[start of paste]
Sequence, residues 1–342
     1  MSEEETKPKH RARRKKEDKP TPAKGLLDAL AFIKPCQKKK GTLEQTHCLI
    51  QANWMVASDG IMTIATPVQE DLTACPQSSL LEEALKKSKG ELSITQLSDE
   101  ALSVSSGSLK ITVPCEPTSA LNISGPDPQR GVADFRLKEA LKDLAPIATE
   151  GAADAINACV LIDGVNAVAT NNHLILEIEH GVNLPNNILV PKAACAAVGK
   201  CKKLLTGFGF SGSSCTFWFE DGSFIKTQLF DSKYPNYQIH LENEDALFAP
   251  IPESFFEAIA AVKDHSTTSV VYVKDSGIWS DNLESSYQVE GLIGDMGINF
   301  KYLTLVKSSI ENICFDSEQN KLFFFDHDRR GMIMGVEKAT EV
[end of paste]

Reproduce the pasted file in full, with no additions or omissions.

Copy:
Sequence, residues 1–342
     1  MSEEETKPKH RARRKKEDKP TPAKGLLDAL AFIKPCQKKK GTLEQTHCLI
    51  QANWMVASDG IMTIATPVQE DLTACPQSSL LEEALKKSKG ELSITQLSDE
   101  ALSVSSGSLK ITVPCEPTSA LNISGPDPQR GVADFRLKEA LKDLAPIATE
   151  GAADAINACV LIDGVNAVAT NNHLILEIEH GVNLPNNILV PKAACAAVGK
   201  CKKLLTGFGF SGSSCTFWFE DGSFIKTQLF DSKYPNYQIH LENEDALFAP
   251  IPESFFEAIA AVKDHSTTSV VYVKDSGIWS DNLESSYQVE GLIGDMGINF
   301  KYLTLVKSSI ENICFDSEQN KLFFFDHDRR GMIMGVEKAT EV